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Just One of the Govs
by Mark Zdechlik
February 28, 2000
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Minnesota's governor is not the attraction at the National Governors Association conference that he was last year. Jesse Ventura says his lower profile suits him fine.

This year Ventura seems much more like a regular governor attending the conference, than a celebrity making an appearance.
Photo: Mark Zdechlik
IT'S NOT THAT JESSE VENTURA ever really finds himself alone, looking for company. But unlike last year when he had some difficulty just getting around, amid the media attention, this year Ventura seems much more like a regular governor attending the conference, than a celebrity making an appearance.

Ventura: It's kind of nice, you know, being able to focus on coming and going to the different seminars and not worried about coming out of them and being overwhelmed by the media.
Ventura says he enjoys the Governor's Association meetings, because of the collective expertise they afford him in areas of cutting-edge importance to Minnesota and other states.
Ventura: You go to these meetings to learn what people are doing in other states; maybe not make mistakes that they've made if they're ahead of you, or maybe to give them ideas too, because we have an open policy that we steal from each other. If Tommy, Governor Thompson, comes up with a great idea in Wisconsin, it's OK for me to steal that idea. If I come up with a great idea, maybe Governor Ridge of Pennsylvania will steal that idea.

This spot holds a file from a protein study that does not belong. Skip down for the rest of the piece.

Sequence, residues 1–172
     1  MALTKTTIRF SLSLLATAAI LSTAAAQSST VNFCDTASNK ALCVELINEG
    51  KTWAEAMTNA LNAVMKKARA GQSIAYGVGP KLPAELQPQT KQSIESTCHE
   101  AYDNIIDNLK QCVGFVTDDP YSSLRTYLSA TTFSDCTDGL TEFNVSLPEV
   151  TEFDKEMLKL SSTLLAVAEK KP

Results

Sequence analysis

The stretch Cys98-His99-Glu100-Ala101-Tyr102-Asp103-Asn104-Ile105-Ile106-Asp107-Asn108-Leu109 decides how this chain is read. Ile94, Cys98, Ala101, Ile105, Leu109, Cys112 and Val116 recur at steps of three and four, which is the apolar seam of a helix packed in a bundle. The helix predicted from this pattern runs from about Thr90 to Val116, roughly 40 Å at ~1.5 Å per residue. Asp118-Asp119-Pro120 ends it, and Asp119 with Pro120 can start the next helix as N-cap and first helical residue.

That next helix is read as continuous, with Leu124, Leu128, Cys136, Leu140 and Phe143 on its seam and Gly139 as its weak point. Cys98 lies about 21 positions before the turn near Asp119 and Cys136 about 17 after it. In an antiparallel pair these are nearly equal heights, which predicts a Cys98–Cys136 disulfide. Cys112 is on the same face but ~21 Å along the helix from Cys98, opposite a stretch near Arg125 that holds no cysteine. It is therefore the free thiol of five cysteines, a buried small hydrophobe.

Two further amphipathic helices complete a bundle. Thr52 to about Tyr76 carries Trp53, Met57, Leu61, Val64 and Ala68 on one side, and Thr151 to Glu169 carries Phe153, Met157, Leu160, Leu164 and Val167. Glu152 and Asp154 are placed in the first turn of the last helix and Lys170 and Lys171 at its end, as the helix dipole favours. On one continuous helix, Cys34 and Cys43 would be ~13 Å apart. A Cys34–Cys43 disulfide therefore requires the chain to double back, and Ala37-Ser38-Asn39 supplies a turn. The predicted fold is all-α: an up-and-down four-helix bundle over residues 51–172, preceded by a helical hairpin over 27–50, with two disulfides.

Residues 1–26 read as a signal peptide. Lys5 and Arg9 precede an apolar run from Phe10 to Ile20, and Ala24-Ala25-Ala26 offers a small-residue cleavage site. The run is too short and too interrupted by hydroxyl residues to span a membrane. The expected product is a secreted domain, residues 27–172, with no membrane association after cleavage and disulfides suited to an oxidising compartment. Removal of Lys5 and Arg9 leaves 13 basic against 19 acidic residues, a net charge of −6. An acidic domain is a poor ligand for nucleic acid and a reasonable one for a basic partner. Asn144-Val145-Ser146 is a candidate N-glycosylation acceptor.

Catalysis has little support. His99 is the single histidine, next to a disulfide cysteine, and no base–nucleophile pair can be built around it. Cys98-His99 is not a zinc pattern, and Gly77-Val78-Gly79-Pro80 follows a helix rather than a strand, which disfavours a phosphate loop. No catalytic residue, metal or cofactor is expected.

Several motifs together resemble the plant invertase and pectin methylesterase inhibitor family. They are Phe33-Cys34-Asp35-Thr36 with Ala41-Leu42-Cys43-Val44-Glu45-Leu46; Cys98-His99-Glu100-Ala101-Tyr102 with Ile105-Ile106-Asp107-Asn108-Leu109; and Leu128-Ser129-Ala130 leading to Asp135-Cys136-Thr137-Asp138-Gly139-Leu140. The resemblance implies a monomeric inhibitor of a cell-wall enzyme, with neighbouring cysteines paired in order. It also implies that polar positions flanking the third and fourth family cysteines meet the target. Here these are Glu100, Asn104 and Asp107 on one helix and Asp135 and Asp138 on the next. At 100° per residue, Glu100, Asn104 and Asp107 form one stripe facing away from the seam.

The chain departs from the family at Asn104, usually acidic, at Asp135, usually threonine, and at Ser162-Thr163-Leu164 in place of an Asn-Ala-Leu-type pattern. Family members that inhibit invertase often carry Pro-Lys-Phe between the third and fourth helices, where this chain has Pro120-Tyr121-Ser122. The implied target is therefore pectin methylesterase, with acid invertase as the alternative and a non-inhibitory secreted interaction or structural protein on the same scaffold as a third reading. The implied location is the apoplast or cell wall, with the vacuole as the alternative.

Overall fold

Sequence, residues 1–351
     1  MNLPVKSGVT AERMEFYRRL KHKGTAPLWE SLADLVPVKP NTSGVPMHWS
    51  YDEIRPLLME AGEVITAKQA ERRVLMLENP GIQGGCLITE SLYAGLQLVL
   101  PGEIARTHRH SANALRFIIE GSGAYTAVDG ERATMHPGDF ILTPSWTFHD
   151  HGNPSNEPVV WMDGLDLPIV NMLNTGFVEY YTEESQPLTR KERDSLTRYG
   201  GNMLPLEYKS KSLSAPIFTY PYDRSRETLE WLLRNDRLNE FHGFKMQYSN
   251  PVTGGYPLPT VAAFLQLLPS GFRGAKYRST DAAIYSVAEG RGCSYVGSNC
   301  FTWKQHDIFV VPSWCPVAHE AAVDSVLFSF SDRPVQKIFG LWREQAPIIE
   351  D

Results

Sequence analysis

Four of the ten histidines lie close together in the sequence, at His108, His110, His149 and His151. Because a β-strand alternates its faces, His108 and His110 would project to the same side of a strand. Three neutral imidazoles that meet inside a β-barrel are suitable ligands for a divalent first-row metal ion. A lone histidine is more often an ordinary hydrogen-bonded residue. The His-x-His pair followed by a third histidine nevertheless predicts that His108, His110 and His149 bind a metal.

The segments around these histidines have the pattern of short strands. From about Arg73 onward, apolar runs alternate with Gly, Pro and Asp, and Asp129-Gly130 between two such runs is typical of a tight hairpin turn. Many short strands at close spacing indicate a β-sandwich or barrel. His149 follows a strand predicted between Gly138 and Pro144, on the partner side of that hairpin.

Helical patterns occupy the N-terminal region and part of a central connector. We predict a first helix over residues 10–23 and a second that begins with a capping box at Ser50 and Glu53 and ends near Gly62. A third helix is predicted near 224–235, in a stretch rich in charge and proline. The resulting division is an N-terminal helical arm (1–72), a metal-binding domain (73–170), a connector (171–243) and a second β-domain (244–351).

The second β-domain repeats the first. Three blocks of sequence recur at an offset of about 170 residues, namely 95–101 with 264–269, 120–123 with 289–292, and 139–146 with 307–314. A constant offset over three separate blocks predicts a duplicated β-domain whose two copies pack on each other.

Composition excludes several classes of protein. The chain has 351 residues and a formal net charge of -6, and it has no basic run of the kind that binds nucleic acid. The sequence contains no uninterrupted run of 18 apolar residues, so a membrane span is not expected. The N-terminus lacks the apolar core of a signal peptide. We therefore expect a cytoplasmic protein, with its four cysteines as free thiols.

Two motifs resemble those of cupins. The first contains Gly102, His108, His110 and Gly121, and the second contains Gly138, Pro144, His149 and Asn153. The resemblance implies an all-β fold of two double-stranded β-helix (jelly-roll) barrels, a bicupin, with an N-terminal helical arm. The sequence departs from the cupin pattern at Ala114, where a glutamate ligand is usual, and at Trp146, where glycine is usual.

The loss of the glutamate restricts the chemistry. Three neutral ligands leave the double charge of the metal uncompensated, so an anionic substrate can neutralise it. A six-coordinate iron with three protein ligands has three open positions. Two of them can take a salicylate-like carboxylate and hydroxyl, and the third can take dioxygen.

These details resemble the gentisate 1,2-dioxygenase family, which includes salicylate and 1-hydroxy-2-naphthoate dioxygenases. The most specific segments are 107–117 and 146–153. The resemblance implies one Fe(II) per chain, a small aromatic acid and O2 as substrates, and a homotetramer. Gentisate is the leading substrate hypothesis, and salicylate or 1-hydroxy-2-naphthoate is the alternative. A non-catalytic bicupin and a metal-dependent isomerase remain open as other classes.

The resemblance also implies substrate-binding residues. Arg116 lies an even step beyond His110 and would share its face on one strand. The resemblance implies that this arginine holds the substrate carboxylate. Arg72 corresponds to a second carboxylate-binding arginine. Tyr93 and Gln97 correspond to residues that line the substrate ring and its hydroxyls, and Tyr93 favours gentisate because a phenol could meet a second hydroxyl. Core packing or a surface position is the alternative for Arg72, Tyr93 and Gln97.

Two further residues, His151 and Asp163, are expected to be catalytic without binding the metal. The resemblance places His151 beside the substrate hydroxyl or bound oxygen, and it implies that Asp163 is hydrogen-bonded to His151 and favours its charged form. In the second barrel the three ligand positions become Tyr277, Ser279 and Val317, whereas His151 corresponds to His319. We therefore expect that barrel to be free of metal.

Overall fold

One area all the governors seem particularly interested in, maybe worried about, is ensuring states do all they can to keep up with Internet technology. At a meeting of the association's economic development committee, Governor Ventura talked about what Minnesota is doing in hopes of ensuring technology leaves no part of the state behind.
Ventura: We're actually undergoing one of the most unique projects, I think, in the country called "Connecting Minnesota." And we're building a fiber-optic backbone; laying high-bandwidth wire along almost 2,000 miles of Minnesota trunk highway.
Ventura did not leave his battle with state lawmakers behind on his trip to Washington. After Sunday's meeting, so much of which focused on telecommunications, Ventura ripped into the state Senate for not confirming Steve Minn as a commissioner.

In an interview with Minnesota Public Radio, Ventura said Minn was "eminently qualified" to lead the state's planned telecommunications upgrade.
Ventura: I've moved beyond it now, but I'll continue to remind them of their stupidity. As we move forward on different telecommunications initiatives, I'll make it very vocal to constantly remind them that they made a choice for their own ego and their own personal, instead of for the state of Minnesota
Later this morning, the governors meet with President Clinton at the White House, where they had dinner last night. Governor Ventura is also scheduled to meet with the United States trade representative about trade opportunities in China.

He's also meeting with the Mexican ambassador, who will formally invite the governor to make a trade mission to that country. Ventura says he'll accept, and he hopes to make the trip before the end of the year.
Ventura: I want to do trade missions. We had a very successful trade mission to Japan, and we'll do one to Mexico and to Europe for sure over the next three years. When, I don't know ; Mexico maybe late this fall.
Sunday morning on NBC's Meet the Press Ventura said he'd be open to joining John McCain on a presidential ticket this year if McCain leaves the Republican Party.

McCain advisors say the Arizona senator has no plans to do so. Ventura later downplayed the suggestion; attributing interest in his possible national political inspirations to reporters looking for a new angle on the presidential race.